SBox Soapbox: 8 Video Games That Would Make Great Netflix Shows

When it comes to video games crossing over into other mediums, the results have been mixed at best. For example, video games and comics tend to work well. Video games and movies tend to not. However, one of the more overlooked combinations that may actually be more effective than you think involves video games and television. Historically speaking, games tend to make some pretty successful TV shows.

Consider the classic Saturday morning cartoons, The Super Mario Bros. Super Show and The Legend of Zelda, or the Pac-Man cartoon that ran around the same time. Cheesy as they are, they were still beloved at the time. Additionally, Sonic has had not just one cartoon made of him, but five (one of which is still ongoing). There have been popular shows based on Kirby, Devil May Cry, Viewtiful Joe, and Rabbids over the years. 2 more video game properties, Mega Man and Halo, are set to come to television as well. Of course, this is all before you mention the most successful video game show of them all, Pokemon, which has been going for 20 years and counting.

Recently, an anime show based on Castlevania was released on Netflix. I admittedly haven’t gotten to it yet, but plan on watching and reviewing it within the week. Though it did get me thinking about a few other games that may work as Netflix shows or just TV shows in general. That’s why I’ve compiled a list of 7 games that I think have such potential.

Keep in mind that these are just a few of my personal ideas. If there’s another video game or franchise you believe could make the jump to TV/Netflix, feel free to let me know in the comments. Who knows? Maybe I’ll cover them in a sequel post one day.

Max Payne


Barring the fact that the film adaptation didn’t pan out very well, few can argue that Max Payne has excellent cinematic potential. Clearly another movie is out of the question, but perhaps such a tragic, noir-type tale would be an ideal candidate for a Netflix show. Max Payne tells the story of a police officer whose wife and infant daughter were murdered in his home without him being there. From there and across three games, you see his fall from grace for the sake of vengance as well as his attempt at finding new life and purpose passed this tragedy that would define him forever.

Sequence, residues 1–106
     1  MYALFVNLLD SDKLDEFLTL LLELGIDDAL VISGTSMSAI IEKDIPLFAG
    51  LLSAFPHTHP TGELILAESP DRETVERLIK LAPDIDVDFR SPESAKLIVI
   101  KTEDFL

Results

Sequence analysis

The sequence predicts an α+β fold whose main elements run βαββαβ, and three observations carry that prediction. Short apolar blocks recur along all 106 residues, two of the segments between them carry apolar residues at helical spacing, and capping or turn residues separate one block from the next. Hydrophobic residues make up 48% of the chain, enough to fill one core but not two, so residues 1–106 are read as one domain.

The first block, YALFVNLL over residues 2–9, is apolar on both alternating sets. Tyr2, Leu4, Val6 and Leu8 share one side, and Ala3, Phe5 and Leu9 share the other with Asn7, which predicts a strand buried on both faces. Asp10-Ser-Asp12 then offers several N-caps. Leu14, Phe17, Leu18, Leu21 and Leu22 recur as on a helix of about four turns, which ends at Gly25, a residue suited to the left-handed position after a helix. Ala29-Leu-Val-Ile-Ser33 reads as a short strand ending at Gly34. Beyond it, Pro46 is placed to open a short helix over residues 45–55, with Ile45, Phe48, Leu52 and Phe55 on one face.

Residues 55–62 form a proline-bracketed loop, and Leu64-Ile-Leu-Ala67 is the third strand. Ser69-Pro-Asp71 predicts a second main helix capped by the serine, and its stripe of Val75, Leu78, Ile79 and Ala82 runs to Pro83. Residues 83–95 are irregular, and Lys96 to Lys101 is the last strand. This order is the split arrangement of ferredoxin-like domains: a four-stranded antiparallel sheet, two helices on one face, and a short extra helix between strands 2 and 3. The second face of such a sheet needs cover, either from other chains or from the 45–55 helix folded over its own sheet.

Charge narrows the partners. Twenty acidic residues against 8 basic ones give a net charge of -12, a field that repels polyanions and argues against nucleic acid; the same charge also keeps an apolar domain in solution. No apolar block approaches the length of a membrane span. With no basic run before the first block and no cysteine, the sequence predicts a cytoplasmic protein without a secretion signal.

One of the reasons I think this is a great idea for Netflix is that it could, in theory, be stylistically similar to another show currently on the service, Daredevil. Seeing how flawlessly they were able to accomplish one noir-based property, I believe they have what it takes to do the same for Max Payne. Such a show would last about 3 seasons — one for each game in the series — unless they plan to drag it out or start improvising (which they probably shouldn’t). I think such an idea has great potential.

Grand Theft Auto


Yet another Rockstar property, I believe GTA has a decent shot at making a good TV show as well. Granted, it could be argued that adapting the GTA series into a non-playable medium is a terrible idea, since most of the fun comes from the open-world, sandbox gameplay. That’s a fair point, and such an idea would really have to be really clever in trying to adapt such a series in a way that doesn’t beg for actual control from the audience. A solution I would propose is to adapt some of the sidequests and optional scenarios into the show as dedicated episodes. Tell an overarching story, of course, but don’t be afraid to go off the beaten path every so often with a situation-of-the-day format.

Now this is a storied franchise spanning a good 15 games across a very wide timeline. So, you have a ton of material to work with and clearly you wouldn’t even have to cover it all. Lord knows some of the games in the series have main stories longer than life itself, so go nuts.



Let’s switch gears from our talks of murder, crime, and tragedy to something more light. As far as Nintendo properties go, Pikmin may not be your choice for a TV adaptation; however, unlike almost any other game series on this list, Pikmin is the only one that has already proven itself for such a task.

Some may recall Pikmin Short Movies from three years ago, which was a collection of three shorts released on the Nintendo eShop to coincide with the release of Pikmin 3. I actually bought and reviewed the collection myself (click here to see that) and thought it was adorable. Now imagine that on a slightly more grand scale, and I think it would make a great addition to Netflix’s animated lineup.

The Legend of Zelda


Of all of Nintendo’s properties, I think this is among the most requested for a cinematic adaptation such as on TV. In fact, there already was one in the 1980’s, though it was a bit…